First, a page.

CWT Meetings & Events says that sustainability will continue to be an even more important business consideration for the $840 billion industry in 2020. The company’s research is outlined in a feature included in a report, “The Future of Sustainable Events.”

As activists protest in some of the world’s best-known destinations demand action on climate change, companies are increasingly taking notice.

“The sustainability of the meetings and events industry, in fact of the entire travel industry, is at the forefront of companies’ and planners’ minds in 2020,” said CWT Senior Vice President and Managing Director Derek Sharp.

“It’s driven by news coverage of climate change but, more importantly, it’s supported by the next generation of travelers — the millennials who are poised to become the biggest group of business travelers globally from 2024 onwards, and the centennials who are right behind them.”

“These are people for whom travel has become commonplace and accessible in a way that it wasn’t for older generations,” Sharp added. “They want to continue meeting in popular destinations, but they are also hyper aware of the need to adopt sustainable practices that respect the environment and local communities wherever they go.”

Major millennial-focused surveys are finding that climate change is the greatest concern for this generation. Deloitte’s Global Millennial Survey 2019 has found that climate change is the greatest concern for this generation. Millennials are skeptical of business’ motives and do not think highly of leaders’ impact on society, their commitment to improving the world, or their trustworthiness.

Only 37% of millennials believe business leaders make a positive impact on the world, and more than a quarter (26%) said they don’t trust business leaders as sources of reliable and accurate information. Leaders’ commitments to helping improve society (45% said they generally are) and behaving ethically (49% said they generally do) also divide opinion.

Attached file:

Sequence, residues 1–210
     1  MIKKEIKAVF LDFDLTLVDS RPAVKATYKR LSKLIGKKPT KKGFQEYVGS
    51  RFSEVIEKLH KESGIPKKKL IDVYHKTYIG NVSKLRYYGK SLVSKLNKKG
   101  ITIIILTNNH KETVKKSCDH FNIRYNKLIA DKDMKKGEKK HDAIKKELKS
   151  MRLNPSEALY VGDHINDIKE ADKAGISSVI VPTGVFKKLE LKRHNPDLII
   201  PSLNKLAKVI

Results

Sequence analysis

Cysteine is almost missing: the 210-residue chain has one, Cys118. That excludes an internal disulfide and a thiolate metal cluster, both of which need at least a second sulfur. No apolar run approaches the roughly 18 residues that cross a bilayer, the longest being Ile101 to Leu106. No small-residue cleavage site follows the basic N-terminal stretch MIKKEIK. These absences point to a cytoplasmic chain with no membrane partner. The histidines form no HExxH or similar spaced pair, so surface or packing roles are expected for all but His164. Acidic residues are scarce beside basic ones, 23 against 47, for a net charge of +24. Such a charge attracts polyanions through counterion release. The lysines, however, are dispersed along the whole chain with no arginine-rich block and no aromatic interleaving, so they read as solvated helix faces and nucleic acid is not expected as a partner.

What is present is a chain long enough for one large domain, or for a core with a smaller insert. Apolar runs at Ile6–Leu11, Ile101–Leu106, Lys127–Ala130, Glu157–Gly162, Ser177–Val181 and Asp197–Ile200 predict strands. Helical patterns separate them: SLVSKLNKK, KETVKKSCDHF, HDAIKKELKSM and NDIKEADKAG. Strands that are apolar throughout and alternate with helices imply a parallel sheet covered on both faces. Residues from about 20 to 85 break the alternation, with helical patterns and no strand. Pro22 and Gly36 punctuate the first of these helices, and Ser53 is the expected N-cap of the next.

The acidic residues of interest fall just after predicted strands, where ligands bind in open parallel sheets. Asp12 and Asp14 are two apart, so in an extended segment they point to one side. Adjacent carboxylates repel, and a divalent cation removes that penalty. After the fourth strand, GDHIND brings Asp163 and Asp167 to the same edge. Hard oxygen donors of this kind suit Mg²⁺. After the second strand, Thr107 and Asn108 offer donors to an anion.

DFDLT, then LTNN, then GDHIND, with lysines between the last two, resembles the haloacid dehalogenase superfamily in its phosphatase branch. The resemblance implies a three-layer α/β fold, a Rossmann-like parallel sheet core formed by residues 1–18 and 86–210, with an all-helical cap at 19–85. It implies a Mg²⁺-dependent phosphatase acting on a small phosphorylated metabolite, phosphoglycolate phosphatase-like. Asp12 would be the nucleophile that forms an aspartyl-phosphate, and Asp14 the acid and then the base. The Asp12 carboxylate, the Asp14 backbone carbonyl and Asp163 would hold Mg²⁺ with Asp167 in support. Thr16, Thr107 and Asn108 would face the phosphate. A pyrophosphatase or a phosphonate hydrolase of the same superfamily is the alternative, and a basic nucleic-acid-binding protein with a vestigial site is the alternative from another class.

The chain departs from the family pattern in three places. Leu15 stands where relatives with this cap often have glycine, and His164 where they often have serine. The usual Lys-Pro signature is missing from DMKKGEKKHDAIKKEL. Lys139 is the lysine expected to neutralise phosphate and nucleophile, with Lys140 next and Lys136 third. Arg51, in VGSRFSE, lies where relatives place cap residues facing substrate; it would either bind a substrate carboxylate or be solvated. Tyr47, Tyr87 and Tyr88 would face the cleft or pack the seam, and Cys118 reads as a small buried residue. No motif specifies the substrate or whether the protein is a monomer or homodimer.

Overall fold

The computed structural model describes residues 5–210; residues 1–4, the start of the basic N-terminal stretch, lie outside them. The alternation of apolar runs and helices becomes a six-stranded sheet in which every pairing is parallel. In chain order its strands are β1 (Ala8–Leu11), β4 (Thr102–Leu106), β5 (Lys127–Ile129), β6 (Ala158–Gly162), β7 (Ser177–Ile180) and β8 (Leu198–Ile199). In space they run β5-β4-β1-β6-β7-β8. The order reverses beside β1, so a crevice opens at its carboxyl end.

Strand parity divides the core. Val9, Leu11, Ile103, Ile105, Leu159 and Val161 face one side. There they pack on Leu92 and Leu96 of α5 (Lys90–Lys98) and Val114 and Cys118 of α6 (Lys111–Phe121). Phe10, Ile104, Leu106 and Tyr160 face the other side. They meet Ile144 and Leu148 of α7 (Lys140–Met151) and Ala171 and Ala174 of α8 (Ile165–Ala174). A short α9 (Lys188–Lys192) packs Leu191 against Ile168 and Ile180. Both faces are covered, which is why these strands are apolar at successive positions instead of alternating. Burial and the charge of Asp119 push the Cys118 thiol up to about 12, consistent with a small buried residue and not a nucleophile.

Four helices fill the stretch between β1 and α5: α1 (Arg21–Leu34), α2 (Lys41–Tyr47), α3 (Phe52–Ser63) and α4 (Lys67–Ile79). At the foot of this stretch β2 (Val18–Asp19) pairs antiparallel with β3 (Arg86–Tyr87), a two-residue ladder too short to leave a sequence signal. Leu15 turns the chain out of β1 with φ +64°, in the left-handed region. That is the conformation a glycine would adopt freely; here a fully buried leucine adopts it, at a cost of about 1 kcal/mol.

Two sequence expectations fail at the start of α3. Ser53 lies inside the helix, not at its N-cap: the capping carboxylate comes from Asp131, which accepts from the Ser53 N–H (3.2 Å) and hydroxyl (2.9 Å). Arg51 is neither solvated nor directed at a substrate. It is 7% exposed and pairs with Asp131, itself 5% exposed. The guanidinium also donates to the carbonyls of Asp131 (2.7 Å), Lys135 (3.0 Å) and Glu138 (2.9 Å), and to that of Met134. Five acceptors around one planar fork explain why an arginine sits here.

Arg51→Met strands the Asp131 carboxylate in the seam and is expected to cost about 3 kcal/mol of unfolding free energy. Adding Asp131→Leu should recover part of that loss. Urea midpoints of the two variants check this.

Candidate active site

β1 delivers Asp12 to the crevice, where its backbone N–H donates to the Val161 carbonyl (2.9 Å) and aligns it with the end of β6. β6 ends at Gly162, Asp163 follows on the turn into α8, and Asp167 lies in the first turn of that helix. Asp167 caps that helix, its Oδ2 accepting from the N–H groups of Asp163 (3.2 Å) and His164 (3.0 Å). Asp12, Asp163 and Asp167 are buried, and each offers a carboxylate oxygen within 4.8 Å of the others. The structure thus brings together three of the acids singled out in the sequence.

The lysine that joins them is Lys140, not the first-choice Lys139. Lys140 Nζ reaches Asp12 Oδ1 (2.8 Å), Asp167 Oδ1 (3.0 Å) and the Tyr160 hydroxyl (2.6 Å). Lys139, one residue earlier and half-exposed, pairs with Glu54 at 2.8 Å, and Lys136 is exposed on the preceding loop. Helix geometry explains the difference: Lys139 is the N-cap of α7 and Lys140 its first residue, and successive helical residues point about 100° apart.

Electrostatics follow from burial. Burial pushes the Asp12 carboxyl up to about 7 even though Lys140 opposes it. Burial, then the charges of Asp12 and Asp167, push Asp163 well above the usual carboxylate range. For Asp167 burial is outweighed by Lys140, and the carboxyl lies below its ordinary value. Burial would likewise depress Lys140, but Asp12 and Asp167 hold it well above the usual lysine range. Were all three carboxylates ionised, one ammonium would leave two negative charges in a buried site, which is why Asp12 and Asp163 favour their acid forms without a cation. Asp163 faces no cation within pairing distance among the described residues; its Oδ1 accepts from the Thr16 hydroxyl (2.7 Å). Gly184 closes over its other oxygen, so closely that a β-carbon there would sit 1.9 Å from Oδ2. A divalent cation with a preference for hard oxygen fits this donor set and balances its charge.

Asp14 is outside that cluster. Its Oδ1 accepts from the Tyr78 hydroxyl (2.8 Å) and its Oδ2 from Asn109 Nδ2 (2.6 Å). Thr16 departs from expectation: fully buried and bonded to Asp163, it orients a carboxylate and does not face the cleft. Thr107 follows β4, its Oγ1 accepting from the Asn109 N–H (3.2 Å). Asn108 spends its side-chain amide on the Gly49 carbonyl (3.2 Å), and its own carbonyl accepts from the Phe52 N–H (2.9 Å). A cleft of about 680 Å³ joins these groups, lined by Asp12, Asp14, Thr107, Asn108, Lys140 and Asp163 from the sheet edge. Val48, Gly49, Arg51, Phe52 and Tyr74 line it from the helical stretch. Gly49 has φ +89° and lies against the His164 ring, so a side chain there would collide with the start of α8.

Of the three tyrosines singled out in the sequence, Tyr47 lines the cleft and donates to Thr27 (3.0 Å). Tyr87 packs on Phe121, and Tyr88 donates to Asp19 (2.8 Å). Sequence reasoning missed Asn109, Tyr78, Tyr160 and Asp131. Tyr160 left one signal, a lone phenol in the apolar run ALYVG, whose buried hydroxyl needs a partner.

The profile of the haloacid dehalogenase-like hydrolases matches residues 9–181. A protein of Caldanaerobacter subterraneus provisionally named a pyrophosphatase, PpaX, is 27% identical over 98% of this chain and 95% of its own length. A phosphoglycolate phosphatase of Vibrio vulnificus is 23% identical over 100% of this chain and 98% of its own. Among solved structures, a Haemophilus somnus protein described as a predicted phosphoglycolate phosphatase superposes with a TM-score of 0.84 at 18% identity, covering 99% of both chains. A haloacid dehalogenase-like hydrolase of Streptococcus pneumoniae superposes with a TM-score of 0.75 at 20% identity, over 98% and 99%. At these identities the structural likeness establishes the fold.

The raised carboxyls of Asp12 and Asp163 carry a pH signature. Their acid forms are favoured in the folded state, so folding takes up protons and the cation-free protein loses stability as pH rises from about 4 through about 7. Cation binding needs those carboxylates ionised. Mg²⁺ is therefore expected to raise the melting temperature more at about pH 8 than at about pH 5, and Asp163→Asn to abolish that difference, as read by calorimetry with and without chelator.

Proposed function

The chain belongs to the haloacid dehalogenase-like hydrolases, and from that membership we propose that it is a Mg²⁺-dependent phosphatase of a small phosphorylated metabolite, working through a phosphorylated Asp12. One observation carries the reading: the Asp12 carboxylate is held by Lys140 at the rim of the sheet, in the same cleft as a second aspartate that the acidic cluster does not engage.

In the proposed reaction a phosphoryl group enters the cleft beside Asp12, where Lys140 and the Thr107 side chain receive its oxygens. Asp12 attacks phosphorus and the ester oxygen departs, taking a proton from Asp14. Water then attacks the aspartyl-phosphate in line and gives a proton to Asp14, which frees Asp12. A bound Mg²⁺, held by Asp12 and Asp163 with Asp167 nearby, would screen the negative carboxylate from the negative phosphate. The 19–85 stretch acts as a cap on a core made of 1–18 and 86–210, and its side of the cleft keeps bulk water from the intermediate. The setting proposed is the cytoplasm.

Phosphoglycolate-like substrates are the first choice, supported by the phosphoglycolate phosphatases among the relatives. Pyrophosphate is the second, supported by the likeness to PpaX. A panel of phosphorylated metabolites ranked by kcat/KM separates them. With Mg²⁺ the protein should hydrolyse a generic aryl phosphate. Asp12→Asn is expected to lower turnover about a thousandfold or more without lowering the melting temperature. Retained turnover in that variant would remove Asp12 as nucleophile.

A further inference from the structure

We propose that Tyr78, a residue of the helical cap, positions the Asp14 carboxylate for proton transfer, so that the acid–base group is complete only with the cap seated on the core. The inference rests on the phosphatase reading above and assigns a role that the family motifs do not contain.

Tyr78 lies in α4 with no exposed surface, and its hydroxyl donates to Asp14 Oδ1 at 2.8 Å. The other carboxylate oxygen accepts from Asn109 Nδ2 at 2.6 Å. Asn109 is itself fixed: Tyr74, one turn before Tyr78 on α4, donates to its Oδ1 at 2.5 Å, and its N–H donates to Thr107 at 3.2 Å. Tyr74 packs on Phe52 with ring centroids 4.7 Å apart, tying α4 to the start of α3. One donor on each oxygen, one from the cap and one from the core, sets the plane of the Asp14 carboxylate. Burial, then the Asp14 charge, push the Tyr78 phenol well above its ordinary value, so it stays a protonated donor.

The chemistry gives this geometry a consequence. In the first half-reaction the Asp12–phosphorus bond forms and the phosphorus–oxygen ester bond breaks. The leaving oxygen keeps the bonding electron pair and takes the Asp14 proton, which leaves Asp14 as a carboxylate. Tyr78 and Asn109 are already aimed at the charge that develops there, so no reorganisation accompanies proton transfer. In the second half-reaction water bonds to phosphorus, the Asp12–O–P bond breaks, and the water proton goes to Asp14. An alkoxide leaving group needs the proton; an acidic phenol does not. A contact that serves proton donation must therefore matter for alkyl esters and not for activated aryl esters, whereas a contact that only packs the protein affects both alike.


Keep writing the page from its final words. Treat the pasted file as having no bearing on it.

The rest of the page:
In response, companies and meeting planners are adopting various initiatives, including offsetting air miles with carbon, eliminating plastic waste, opting for locally sourced and produced food and drinks, or choosing ethical suppliers.

The trend of carbon offsetting for air miles is becoming more prevalent.

Highlights of the report underscore that consumers and employees around the world are seeking out companies and brands that reflect their values. Sustainability is no longer an add-on to business practices. It encompasses a holistic way of doing business that creates positive and meaningful change.

Major international initiatives such as the United Nations Sustainable Development Goals are helping to drive home the message that, in 2020 and beyond, sustainability and responsible business are no longer just a feel-good item on HR’s agenda, but have real consequences for a company’s brand and bottom line.

Image: Harvard University